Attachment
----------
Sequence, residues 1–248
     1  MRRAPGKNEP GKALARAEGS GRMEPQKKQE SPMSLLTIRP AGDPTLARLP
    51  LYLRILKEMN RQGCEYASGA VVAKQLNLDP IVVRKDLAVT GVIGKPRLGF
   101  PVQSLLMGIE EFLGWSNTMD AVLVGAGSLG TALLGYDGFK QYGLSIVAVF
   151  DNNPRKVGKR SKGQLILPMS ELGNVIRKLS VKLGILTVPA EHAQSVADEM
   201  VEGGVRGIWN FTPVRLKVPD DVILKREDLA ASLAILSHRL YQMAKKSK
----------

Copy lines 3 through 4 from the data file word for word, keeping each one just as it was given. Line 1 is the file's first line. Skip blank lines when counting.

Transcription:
    51  LYLRILKEMN RQGCEYASGA VVAKQLNLDP IVVRKDLAVT GVIGKPRLGF
   101  PVQSLLMGIE EFLGWSNTMD AVLVGAGSLG TALLGYDGFK QYGLSIVAVF